Sayeedi, 73, vice president of the Jamaat-e-Islami party, was sentenced on Thursday after he was found guilty of charges of mass killing, rape, arson, looting, and forcing Hindu minorities to convert to Islam during Bangladesh’s 1971 split from Pakistan, lawyers and tribunal officials said.
The verdict was cheered by his opponents, but supporters of his Jamaat-e-Islami party clashed with police, attacked government offices and uprooted railway tracks in parts of the country, the Associated Press reported. Protesters also set fire to dozens of houses belonging to government supporters.
Police used bullets and tear gas to contain the unrest, the report said. The casualties included six policemen, three of whom were beaten to death in the northern Gaibandha district, in a Jamaat protest involving about 2,000 supporters.
Police said a Hindu temple and properties belonging to Hindu families had been attacked in Noakhali, the BBC reported.
The government said that security forces were put on high alert across the country as Jamaat supporters planned more protests on Friday. An additional 10,000 paramilitary border guards were deployed to tighten security, the report said, citing the home ministry, which is in charge of law and order.
Sayeedi’s lawyers said they plan to appeal the tribunal’s verdict in the Supreme Court.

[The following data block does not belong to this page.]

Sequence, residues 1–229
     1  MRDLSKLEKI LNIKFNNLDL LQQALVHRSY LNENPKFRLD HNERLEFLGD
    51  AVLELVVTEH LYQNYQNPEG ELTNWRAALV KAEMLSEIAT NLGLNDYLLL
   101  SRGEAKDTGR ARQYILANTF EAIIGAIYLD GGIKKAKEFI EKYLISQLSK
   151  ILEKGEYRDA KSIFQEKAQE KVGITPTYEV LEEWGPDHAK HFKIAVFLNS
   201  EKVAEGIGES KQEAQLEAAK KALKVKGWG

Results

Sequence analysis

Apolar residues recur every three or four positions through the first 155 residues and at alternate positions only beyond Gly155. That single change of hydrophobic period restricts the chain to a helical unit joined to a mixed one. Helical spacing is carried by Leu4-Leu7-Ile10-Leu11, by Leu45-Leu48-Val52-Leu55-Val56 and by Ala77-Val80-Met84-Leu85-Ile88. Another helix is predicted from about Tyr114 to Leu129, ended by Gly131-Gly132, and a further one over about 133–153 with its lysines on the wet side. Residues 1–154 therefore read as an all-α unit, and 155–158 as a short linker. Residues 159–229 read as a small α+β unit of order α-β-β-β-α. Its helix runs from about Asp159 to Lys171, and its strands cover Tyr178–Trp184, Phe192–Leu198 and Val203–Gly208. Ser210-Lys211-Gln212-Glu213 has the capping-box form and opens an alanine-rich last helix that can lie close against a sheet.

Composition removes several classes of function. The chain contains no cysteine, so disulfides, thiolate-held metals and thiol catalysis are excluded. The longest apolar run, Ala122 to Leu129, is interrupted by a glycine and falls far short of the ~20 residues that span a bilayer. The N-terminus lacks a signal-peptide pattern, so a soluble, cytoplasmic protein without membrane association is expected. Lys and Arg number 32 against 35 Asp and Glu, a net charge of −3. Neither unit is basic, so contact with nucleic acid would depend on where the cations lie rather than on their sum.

Sayeedi is the third politician to be sentenced by the tribunal. The first two verdicts by the tribunal set up in March 2010 came earlier this year. A former Jamaat leader, Abul Kalam Azad, was sentenced to death in absentia, while another leader, Abdul Kader Mullah, was handed a life sentence.
Both of the earlier verdicts sparked protests by Jamaat supporters even as counter-demonstrations were held by supporters of the tribunal, who demanded death sentences for those responsible for abuses and war crimes during the war.
The Awami League-led government set up the war crimes tribunal in March 2010 to investigate war crimes committed by Bangladeshis.
Jamaat-e-Islami, a key ally of the country's largest opposition party, the Bangladesh Nationalist Party, accuses the government of using war crimes charges to try to curb the opposition party's activities. Jamaat-e-Islami had campaigned against Bangladesh's independence but denies it was behind any human rights violations. Official estimates say more than three million people were killed in the war.